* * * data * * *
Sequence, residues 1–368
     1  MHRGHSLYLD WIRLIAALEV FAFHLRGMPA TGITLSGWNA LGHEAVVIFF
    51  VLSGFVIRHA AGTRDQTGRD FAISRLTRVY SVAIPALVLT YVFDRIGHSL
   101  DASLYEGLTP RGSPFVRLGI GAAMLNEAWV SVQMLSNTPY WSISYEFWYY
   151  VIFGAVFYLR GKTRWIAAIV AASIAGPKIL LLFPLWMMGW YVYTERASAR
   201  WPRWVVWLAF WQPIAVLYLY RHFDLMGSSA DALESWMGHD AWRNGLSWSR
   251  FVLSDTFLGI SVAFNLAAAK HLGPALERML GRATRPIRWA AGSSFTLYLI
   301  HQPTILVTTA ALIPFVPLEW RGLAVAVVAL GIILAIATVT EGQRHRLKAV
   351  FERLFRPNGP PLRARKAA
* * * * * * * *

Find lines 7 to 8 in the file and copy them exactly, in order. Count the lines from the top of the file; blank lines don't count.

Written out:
   251  FVLSDTFLGI SVAFNLAAAK HLGPALERML GRATRPIRWA AGSSFTLYLI
   301  HQPTILVTTA ALIPFVPLEW RGLAVAVVAL GIILAIATVT EGQRHRLKAV